Lindsay Zier-Vogel is a writer, bookmaker and arts educator based in Toronto. She studied contemporary dance at The School of Toronto Dance Theatre, received her B.A. as an English Specialist at the University of Toronto and an M.A. in Creative Writing at the University of Toronto under the advisorship of award winning novelist, Anne Michaels. She also graduated from the Humber School of Writing. She is currently working on a novel written in letters to Amelia Earhart, a picture book based on The Love Lettering Project, and Happy Here: The DIY guide to loving where you live, a placemaking non-fiction book.
Lindsay’s work has been published in The Toronto Star, The Lampeter Review, Taddle Creek, the Temz Review, Descant, dandelion, Grain, filling Station, room of one’s own, the Dance Current Magazine. She has read through various reading series and festivals including the Pivot Reading Series, Art Bar Series, Eden Mills Writers Festival and the Hillside Festival. Her writing is also published in Where The Nights Are Twice As Long: Love Letters of Canadian Poets, published by Goose Lane Editions and Watermarks: Writing by Lido Lovers and Wild Swimmers, published in the UK by Frogmore Press and Pells Pool.
In 2009, she travelled to Vitteaux, France for a month-long writing residency at La Roche D’Hys and in 2010, she was awarded a month-long writing residency at The Art Farm in Nebraska, U.S.A. In 2012, she was one of four artists-in-residence at the Anne Portnuff Theatre in Yorkton, Saskatchewan. In 2013, she received funding from Access Copyright to spend time in Newfoundland, researching the sites of Amelia Earhart’s two trans-Atlantic flights.
She has also written text/scripts for dance pieces including Shannon Litzenberger’s HOMEbody and Sylvie Bouchard’s Histoire d’Amour. She also wrote WWI-based letters for Laurence Lemieux’s Dora Award-nominated Jusqu’a Vimy.
Lindsay is also a bookbinder and is the founding editor of Puddle Press, a limited edition book-art publishing house. Using new and experimental binding techniques and employing interactive, minimalist design, Lindsay’s books are currently housed in the National Library and Archives of Canada and the University of Toronto’s Thomas Fisher Rare Books Library.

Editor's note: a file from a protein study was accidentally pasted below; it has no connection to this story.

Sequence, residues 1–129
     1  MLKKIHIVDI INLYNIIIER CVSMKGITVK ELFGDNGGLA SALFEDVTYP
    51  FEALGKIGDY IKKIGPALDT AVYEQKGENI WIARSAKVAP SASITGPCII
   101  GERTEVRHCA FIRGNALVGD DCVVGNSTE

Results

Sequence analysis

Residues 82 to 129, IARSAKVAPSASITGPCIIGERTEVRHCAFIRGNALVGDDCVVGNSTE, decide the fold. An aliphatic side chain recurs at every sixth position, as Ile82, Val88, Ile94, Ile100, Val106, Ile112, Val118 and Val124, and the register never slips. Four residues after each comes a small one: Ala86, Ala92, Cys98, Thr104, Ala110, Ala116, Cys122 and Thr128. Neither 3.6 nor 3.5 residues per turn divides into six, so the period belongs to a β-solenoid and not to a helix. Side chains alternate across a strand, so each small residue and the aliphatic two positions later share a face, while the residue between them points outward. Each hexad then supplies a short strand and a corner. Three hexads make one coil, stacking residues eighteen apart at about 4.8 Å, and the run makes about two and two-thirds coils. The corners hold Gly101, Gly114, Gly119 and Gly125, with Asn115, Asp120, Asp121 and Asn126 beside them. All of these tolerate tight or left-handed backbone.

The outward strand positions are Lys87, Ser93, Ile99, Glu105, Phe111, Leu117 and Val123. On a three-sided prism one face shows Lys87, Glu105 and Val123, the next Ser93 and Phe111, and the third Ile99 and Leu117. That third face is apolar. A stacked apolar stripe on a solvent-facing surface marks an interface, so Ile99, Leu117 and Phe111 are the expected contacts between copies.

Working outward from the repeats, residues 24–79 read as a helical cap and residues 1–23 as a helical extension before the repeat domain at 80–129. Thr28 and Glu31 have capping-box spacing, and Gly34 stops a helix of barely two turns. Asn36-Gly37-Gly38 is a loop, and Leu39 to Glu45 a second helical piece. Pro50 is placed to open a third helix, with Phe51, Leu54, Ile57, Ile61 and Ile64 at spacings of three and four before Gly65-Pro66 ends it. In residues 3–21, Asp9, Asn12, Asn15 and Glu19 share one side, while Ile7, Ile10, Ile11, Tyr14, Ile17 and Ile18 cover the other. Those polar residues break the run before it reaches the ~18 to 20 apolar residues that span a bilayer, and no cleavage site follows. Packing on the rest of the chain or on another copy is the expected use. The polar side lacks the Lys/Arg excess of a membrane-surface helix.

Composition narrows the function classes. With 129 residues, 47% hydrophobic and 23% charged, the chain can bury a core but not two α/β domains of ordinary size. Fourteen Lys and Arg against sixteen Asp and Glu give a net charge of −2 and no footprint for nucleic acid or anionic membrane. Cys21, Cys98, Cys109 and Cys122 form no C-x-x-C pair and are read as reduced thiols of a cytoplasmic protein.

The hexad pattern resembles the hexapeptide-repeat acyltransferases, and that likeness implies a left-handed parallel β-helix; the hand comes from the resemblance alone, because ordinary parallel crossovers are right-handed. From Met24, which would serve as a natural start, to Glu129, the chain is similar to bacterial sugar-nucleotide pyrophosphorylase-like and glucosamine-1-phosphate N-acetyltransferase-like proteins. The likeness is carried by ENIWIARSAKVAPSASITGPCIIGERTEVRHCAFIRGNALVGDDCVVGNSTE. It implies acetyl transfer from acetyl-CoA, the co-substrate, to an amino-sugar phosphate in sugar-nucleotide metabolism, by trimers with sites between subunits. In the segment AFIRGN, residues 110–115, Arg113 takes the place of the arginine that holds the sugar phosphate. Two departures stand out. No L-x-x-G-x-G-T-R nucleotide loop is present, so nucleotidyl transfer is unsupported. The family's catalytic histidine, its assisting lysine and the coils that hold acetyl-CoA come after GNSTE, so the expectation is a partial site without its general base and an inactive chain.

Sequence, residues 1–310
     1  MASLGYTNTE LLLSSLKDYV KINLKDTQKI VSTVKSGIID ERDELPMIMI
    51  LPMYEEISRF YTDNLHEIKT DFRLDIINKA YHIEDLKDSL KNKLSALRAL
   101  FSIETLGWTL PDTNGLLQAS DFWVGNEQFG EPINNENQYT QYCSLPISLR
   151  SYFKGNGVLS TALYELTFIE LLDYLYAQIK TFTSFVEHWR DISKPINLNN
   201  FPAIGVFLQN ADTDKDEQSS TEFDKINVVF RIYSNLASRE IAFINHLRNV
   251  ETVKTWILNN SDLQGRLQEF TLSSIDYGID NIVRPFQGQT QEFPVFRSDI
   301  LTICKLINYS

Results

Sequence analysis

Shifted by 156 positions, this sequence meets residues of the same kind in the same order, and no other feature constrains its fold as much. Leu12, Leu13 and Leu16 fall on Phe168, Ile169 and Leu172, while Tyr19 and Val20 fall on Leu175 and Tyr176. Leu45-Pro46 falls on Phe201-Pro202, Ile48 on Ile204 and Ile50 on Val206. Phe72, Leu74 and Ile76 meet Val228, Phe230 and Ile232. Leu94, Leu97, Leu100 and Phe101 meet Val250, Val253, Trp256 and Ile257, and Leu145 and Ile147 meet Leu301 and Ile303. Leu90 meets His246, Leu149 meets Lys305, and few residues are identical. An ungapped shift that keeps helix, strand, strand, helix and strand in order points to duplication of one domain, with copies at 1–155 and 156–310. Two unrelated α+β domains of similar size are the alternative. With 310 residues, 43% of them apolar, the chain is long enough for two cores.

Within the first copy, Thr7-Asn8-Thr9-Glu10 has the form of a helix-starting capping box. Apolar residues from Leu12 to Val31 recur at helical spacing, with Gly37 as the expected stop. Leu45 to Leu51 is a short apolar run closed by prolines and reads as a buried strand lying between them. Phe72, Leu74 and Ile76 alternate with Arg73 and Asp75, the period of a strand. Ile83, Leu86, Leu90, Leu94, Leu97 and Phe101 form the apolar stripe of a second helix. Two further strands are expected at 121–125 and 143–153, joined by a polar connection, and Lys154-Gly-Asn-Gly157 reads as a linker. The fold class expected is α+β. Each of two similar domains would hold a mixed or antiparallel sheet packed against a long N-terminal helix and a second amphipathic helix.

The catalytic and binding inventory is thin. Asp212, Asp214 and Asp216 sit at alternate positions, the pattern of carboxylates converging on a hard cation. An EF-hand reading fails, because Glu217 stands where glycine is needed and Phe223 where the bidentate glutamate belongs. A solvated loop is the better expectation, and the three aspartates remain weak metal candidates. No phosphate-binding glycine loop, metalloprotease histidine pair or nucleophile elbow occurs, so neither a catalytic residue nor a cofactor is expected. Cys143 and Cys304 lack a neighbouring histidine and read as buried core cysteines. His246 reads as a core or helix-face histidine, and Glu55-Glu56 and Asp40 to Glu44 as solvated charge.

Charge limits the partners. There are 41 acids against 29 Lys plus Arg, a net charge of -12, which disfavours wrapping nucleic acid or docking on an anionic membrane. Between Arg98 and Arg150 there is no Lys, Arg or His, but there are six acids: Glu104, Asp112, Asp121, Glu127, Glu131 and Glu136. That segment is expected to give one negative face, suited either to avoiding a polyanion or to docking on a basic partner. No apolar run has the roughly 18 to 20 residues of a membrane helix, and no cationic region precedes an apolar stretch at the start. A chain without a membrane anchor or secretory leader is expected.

Lindsay also works as an arts educator, encouraging students in the community and in the school system to create without judgment, promoting the accessibility of language-based art. (More here!)
The Love Lettering Project has been deemed one of the 50 reasons to love Toronto by Toronto Life magazine and has been featured in international media, including The Atlantic’s CityLab, NPR, CBC Television’s The National, Global National News, CTV’s Canada AM, The Toronto Star, The Globe and Mail and CBC Radio’s Definitely Not the Opera and World Report. (More press details here).
The Love Lettering Project travelled to New York City with Artery in February 2017 and pop-up events have been touring the U.S. with stops in Chicago, Boston, L.A. and Atlanta. The Love Lettering Project was the basis for the David Suzuki Foundation’s 2016 international 30×30 campaign and launched the Art Gallery of Ontario’s Weston Family Learning Centre in Toronto. Lindsay has also partnered with the Toronto Public Library system, the Toronto District School Board, Tourism Toronto, the Canadian High Commission in London, England, among others.
In 2018, Lindsay will be hosting the second year of her place-based creative writing program Writing The City at Parkdale Library and Annette Street Library, funded by the Ontario Arts Council. The project was featured at Parkdale’s Spring Festival in Toronto and will travel to Teresopolis, Brazil in July.